Mid-19th century over life-size carved marble statue of Michelangelo’s “Bacchus”. Grand Tour copy through the “Point To Point” method directly from the original keeping its masterful proportions and Fine details in an exact size to Michelangelo’s work. We have never seen a 19th century copy of this Renaissance Masterpiece of this size and are quite fortunate to be responsible for its stewardship until purchase by a discerning collector The original “Bacchus” is a marble sculpture by the master, Michelangelo, created circa 1496 when the artist was 21. This statue was originally commissioned by Cardinal Raffaele Riario. However, it was rejected by him and eventually found its way to Jacopo Galli, Cardinal Riario’s banker and a friend of the sculptor, who purchased it in 1506. Some 66 years later it was bought for the Medici and transferred to the royal house in Florence, Italy. Currently it can be viewed at the Museo Nazionale del Bargello in Florence. It is one of just two sculptures surviving Michelangelo’s initial period in Rome, with the other being Pieta. The artwork: This somewhat oversized artwork displays a nude Bacchus (the Roman God of wine) posing, holding a goblet of wine in his right hand while clutching the skin of a tiger in his left. Sitting beside him is a faun, seemingly enjoying a bunch of grapes slipping from the Roman God’s grasp. He appears intoxicated with rolling eyes and a slight leaning of the body indicating a lack of balance. His hair is adorned with a wreath of ivy leaves. This sculpture is normally classified as of the Italian high Renaissance and Baroque era’s. Ex private Mid-West collection.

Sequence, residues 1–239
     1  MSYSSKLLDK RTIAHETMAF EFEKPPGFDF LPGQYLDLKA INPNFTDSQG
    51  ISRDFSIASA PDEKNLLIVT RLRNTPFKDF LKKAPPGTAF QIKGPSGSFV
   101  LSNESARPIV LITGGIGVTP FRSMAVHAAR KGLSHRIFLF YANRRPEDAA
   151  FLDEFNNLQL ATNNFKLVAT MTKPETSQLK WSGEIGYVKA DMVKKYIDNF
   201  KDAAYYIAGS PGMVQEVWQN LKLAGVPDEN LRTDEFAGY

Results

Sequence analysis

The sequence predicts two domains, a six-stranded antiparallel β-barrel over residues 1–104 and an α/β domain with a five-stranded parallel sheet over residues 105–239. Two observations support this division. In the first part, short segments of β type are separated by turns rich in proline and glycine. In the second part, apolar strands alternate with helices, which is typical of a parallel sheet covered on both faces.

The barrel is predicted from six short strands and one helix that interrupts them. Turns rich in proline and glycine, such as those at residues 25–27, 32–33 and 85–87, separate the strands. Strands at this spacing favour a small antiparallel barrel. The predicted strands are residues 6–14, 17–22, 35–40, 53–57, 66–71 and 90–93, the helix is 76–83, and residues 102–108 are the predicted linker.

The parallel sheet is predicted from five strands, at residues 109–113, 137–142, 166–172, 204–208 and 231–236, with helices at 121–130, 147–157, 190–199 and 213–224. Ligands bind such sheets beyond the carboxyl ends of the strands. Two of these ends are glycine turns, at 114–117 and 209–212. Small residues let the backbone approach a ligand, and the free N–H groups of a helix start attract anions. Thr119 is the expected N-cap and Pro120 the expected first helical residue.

Height: 82 in. (208.28 cm)
Width: 33 in. (83.82 cm)
Depth: 33 in. (83.82 cm)
Style: Renaissance (In the Style Of)
Materials and Techniques: Carved, Marble
Place of Origin: Italy
Period: 19th Century
Date of Manufacture: 1840-1880
Wear consistent with age and use. Breaks in statue have been professionally restored and stabilized. Patina is still present and beautiful. Repairs not viable to the eye. Minor weathering. We suggest an interior display of this amazing work.